The story of this beer started back in July when I brewed my Seven Blessings imperial rye saison and purchased 2 vials of The Yeast Bay‘s Saison Blend and ended up making a starter with one of them instead of pitching both vials. Then at end of August I looked at the extra vial and saw that it’s best by date was 9/18/14. Being that I wanted make sure to use the yeast and to keep things simple I decided to brew a 3.25 gallon batch of a “Farmhouse Pale Ale” or a hoppy American pale ale fermented with saison yeast. Though by doing so I was left with the dilemma of whether to use my 10 gallon mash tun or to sacrifice efficiency and mash using the “brew in a bag” method. With a 6 lbs grain bill, in the end it was a no brainer to go for brewing in a bag because of the time and effort that I could save on brew day. In order to increase my chances of achieving an acceptable mash efficiency I milled the grains twice. However, once the mash was over and I took a pre boil gravity reading (see video), I realized that I should have set my efficiency target to 70% instead of 72%. In other words, I didn’t hit my target gravity.
Then my overoptimism kicked in again as I convinced myself that boiling for 70 minutes instead of 60 would help me make up some of the lost gravity points. This seemingly logical solution was squashed when I took my post boil gravity and saw that I had again not hit my target gravity. So I went back to BeerSmith and realized that I should have started with less water (I started with 5.94 gallons) and taken into account my use of a colander to “lauter” the grains…In the end I wasn’t too bummed because I was shooting for a lower ABV beer anyways, and having just experienced my first over one gallon “brew in a bag” brew day since my first all grain batch in 2009. I learned enough from my mistakes to know what to do differently next time.
Recipe Formulation: Having brewed a saison recently I wanted to make sure to use a combination of malts used in both American pale ales and saisons. American Pale Ale: 2-row pale malt, crystal/caramel 20L; Saison: Aromatic, Vienna, White Wheat. For the hops I chose Magnum as a clean bittering hop, Ahtanum as a citrusy yet not to high in AA% flavor and aroma hop, and Galaxy to increase the bold hop flavors stemming from this beers American side. As stated above, I chose the yeast solely based on the fact that I wanted to use it before its best by date. Note: I plan on dry hopping this beer with more Ahtanum and Galaxy hops once primary fermentation ends.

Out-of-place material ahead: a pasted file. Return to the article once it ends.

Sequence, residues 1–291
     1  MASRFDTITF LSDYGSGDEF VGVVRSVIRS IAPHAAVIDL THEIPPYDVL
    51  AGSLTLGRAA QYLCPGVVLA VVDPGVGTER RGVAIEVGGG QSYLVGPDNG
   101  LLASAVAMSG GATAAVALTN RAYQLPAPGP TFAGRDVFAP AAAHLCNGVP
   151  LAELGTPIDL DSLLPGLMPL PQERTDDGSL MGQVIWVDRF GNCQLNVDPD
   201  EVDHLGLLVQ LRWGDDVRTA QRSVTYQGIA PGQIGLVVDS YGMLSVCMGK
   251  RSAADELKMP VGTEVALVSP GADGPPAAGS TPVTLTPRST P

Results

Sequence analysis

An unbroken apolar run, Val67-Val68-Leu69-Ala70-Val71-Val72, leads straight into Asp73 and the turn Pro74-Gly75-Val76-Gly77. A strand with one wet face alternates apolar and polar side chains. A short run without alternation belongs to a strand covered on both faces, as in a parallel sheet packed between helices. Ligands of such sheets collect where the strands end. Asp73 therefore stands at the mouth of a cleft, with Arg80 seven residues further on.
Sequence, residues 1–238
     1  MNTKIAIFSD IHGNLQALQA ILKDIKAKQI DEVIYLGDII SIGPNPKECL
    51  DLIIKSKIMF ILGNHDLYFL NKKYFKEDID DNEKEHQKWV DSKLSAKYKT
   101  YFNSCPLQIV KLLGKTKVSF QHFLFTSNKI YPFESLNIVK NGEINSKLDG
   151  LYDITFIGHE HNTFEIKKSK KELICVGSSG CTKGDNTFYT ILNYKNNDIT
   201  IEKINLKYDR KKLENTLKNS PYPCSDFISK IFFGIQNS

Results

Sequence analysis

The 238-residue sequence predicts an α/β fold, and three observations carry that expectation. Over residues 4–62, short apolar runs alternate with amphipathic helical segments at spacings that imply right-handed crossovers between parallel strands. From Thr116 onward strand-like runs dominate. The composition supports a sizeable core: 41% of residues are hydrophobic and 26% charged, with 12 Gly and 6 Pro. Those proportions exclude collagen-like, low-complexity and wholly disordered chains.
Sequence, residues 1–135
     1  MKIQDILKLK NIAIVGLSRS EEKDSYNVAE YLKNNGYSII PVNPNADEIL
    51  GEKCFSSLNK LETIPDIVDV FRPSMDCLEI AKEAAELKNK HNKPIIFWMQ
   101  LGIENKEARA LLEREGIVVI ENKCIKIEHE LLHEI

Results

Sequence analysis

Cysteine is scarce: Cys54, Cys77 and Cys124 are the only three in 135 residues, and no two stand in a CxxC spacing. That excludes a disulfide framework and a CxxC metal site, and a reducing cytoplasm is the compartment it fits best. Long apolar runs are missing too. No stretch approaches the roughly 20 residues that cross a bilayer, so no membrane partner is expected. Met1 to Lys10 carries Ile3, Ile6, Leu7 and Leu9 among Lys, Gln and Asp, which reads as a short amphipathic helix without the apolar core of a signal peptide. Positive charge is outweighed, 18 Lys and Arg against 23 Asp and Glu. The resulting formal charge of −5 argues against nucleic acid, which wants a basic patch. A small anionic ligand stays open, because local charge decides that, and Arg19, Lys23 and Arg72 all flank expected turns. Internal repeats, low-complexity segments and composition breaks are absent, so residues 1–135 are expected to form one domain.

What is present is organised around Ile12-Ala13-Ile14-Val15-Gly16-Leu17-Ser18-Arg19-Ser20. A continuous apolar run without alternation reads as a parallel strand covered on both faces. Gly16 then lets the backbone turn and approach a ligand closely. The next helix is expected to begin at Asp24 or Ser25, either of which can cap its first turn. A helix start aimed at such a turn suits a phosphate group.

If you have any tips on the “brew in a bag” method that you’d like to share feel free to comment below. Cheers!
I exclusively use BIAB. There are a couple things that I have done to make up for poor efficiency. I routinely was low on my OGs by 8-10 points. #1: I started setting my brewhouse efficiency at 60% when designing my recipes in Brewers Friend (Beer Smith in your case). This will add additional grain to the recipe to make up for the poor efficiency and still hit the targeted OG. #2: I either mill the grains twice (like you did) or just use a smaller gap setting on the mill. # 3: I extend my mash time from 60 min to 75 min. #4: I do a sparge step after mash which is just slowly pouring 170 F water through the grain bag after lifting it out of the pot to do a final rinse of the grain. As a result, I now routinely overshoot my target OG by about 3 points which is fine by me. My gut feeling is #1 and #4 are the main contributors to the improvements I’ve seen. Keep in mind that if you do a simple sparge, you are no longer doing “full volume” BIAB. You have to reserve some of the full volume to account for sparge water. My rule of thumb is to do at least 1 gallon of sparge. The other advantage of sparging is now I can do 5 gallon BIABs with only a 30 quart pot.
Thanks for the tips. I’ll definitely be lowering my brewhouse efficiency next time I brew in a bag and setting aside a gallon of sparge water. For this brew I did a 75 minute mash and milled my grains twice, but overall I have to figure out how much water to start with (including the sparge water) in order to make sure that I don’t start the boil with too much wort. Cheers!
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